American Federation of Labor

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Labor unions and racism





The American Federation of Labor or AFL was a confederation of labor unions in the U.S., 1886 to 1955. Its great leader was Samuel Gompers (1850-1924). The rival Congress of Industrial Organizations (CIO) broke away in 1937, to form a rival federation. The two merged in 1955 as the AFL-CIO ("American Federation of Labor-Congress of Industrial Organizations"). The AFL-CIO has had a cyclical history, with growth spurts around 1900–1910, 1917–20, 1935–60, and declines in the 1920s and in recent years, Politically it has been closely tied to the Democratic Party on the national level since 1910. Likewise the state and city affiliates have usually been tied to the Democrats, with some exceptions. It has strongly opposed socialism and government ownership of business, and has supported capitalism, while at all times seeking higher wages, restricted work rules, pensions, health care, grievance procedures, and seniority for its members, as well as retirement benefits for its retired members. A central theme was that certain jobs "belonged" to union members and non-members must be stopped from taking them, especially during strikes. This often led to dehumanizing of workers on both sides; non-union workers commonly being refereed to as "scabs" and being socially ostracized; violent attacks by both sides were not uncommon. Many violent confrontations took place between AFL/CIO union supporters and the supporters or management/strike breakers. Efforts by unions belonging to the AFL and CIO in the later part of the 19th and early 20th centuries are generally credited with establishing concepts of a 40-hour work week, overtime pay, paid vacations, pensions, and medical benefits for blue-collar working Americans.


It was founded in 1886 by Samuel Gompers (1850–1924), its longtime head. The Federation of Organized Trades and Labor Unions formed in 1881 as a coalition of like-minded unions; in 1886 it was reorganized into the AFL, with Gompers as its president. He remained president of the organization until his death (except for 1895). The AFL coalition gradually gained strength, undermining that previously held by the Knights of Labor, which as a result had almost vanished by 1900.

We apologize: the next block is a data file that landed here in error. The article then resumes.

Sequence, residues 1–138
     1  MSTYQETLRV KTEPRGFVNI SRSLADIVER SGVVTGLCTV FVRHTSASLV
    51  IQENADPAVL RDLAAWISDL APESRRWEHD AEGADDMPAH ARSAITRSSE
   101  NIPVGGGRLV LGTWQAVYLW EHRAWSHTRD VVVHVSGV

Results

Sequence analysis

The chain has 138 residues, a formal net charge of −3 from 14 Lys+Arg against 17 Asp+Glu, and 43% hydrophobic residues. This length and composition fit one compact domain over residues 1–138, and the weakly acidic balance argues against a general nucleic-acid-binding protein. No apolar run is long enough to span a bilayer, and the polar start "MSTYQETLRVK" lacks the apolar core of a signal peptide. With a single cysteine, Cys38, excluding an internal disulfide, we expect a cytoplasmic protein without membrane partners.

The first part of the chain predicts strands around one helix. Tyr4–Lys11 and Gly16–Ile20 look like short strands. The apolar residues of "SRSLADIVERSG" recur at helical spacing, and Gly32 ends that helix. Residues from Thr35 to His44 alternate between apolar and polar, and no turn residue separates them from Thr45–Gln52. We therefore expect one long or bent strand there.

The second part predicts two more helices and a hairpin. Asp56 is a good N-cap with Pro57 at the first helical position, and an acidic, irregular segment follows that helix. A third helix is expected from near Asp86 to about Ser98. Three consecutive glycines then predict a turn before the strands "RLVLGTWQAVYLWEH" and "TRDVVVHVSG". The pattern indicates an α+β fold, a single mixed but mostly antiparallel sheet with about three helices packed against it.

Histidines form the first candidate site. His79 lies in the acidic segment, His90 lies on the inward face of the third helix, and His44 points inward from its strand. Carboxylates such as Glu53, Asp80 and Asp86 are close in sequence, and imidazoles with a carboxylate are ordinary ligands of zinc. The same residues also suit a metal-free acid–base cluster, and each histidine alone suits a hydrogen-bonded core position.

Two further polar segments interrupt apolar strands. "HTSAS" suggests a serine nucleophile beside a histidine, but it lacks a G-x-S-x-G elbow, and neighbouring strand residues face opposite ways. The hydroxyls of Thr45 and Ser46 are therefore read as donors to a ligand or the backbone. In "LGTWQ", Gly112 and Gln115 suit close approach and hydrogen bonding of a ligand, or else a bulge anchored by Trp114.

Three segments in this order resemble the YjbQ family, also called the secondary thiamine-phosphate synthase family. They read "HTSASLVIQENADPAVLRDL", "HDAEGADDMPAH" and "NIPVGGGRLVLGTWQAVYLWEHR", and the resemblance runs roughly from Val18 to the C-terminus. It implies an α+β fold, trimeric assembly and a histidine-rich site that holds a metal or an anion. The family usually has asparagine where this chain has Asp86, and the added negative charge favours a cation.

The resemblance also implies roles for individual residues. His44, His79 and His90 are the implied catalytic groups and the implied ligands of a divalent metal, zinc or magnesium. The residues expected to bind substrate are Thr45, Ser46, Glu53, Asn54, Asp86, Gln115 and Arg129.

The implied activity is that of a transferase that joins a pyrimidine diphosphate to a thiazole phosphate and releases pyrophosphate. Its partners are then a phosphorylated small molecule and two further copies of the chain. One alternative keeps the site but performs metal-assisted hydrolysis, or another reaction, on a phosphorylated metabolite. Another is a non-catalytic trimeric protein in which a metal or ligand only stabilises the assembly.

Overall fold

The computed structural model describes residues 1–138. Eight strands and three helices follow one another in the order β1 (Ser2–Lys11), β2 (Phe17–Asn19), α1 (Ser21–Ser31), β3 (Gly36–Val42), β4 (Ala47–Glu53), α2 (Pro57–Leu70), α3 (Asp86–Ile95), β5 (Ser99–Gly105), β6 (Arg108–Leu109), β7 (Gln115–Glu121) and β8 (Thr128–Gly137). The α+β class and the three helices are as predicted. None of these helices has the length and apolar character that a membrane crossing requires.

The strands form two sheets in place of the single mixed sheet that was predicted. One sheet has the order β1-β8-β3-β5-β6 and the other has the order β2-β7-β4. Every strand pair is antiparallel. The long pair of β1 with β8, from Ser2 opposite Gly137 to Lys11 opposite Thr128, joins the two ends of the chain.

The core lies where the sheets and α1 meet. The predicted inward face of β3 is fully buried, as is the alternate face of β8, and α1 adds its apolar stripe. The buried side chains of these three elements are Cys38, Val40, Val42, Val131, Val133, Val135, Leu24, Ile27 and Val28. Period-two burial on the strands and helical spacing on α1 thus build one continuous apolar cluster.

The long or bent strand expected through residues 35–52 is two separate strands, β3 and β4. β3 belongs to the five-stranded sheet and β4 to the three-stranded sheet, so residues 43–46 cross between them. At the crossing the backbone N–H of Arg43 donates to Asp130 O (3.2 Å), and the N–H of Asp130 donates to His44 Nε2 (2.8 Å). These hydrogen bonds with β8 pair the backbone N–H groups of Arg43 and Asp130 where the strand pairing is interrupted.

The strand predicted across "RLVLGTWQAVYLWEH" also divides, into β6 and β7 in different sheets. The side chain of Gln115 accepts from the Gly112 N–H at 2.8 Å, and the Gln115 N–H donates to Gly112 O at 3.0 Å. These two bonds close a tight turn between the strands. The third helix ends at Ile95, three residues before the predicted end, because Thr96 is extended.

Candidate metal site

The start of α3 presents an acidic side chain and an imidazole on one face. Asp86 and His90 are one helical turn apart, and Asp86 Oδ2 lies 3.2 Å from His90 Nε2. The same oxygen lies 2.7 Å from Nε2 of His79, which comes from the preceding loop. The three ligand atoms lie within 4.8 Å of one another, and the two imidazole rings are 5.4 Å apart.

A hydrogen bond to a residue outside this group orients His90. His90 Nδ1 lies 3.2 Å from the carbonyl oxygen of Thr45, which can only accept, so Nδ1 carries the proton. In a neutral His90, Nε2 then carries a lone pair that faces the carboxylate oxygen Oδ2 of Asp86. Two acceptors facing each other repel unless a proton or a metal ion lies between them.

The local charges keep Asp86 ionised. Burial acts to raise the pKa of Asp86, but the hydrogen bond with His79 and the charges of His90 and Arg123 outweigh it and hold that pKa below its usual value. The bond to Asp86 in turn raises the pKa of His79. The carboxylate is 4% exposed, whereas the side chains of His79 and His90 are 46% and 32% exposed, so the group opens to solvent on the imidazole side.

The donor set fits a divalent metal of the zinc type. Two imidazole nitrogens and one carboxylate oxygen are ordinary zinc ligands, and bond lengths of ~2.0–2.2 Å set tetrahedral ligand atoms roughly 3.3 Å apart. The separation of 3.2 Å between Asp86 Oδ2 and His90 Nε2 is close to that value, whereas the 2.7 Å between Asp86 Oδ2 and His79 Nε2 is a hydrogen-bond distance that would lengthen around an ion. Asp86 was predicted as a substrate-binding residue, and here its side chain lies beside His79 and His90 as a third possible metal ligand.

In practice, AFL unions were important in industrial cities, where they formed a central labor office to coordinate the actions of different AFL unions. Most strikes were assertions of jurisdiction, so that the plumbers, for example, used strikes to ensure that all major construction projects in the city used union plumbers. In this goal they were ideally supported by all the other construction unions in the AFL fold. Issues of wages and hours did arise, but were usually less important. Safety issues rarely were at issue in strikes.

Gompers promoted harmony among the different craft unions that comprised the AFL. Focused on higher wages and job security, the AFL fought against socialism and the Socialist party, as well as the radical anti-capitalist union, IWW. After 1907 it formed alliances with the Democratic party at the local, state and national levels. The AFL enthusiastically supported the war effort in World War I, and saw rapid growth in union membership and wage rates.

The AFL strenuously opposed unrestricted immigration from Europe because it lowered wages, and opposed any immigration at all from Asia for the previous reason and also because it brought an alien culture. The AFL was instrumental in passing immigration restriction laws from the 1890s to the 1920s, and seeing that they were strictly enforced. As Mink shows, the link between the AFL and the Democratic Party rested in large part on immigration issues; the owners of large corporations wanted more immigration and thus supported the Republican party.[1]

The AFL lost membership in the 1920s, and did not recover from the doldrums until the New Deal passed the Wagner Act in 1935. The AFL enthusiastically supported the New Deal Coalition led by Democrat Franklin D. Roosevelt.

CIO breaks away

Coal mine leader John L. Lewis led a group of industrial unions to break away in the 1930s to form the CIO. The two federations competed furiously, even violently. The AFL was always larger, and added more members in the late 1930s and World War II era, while avoiding the radicalism of the CIO. William Green was president (1925-1952), but after 1940 the dominant leader was William Meany (1894-1980), former head of the New York State Federation of Labor.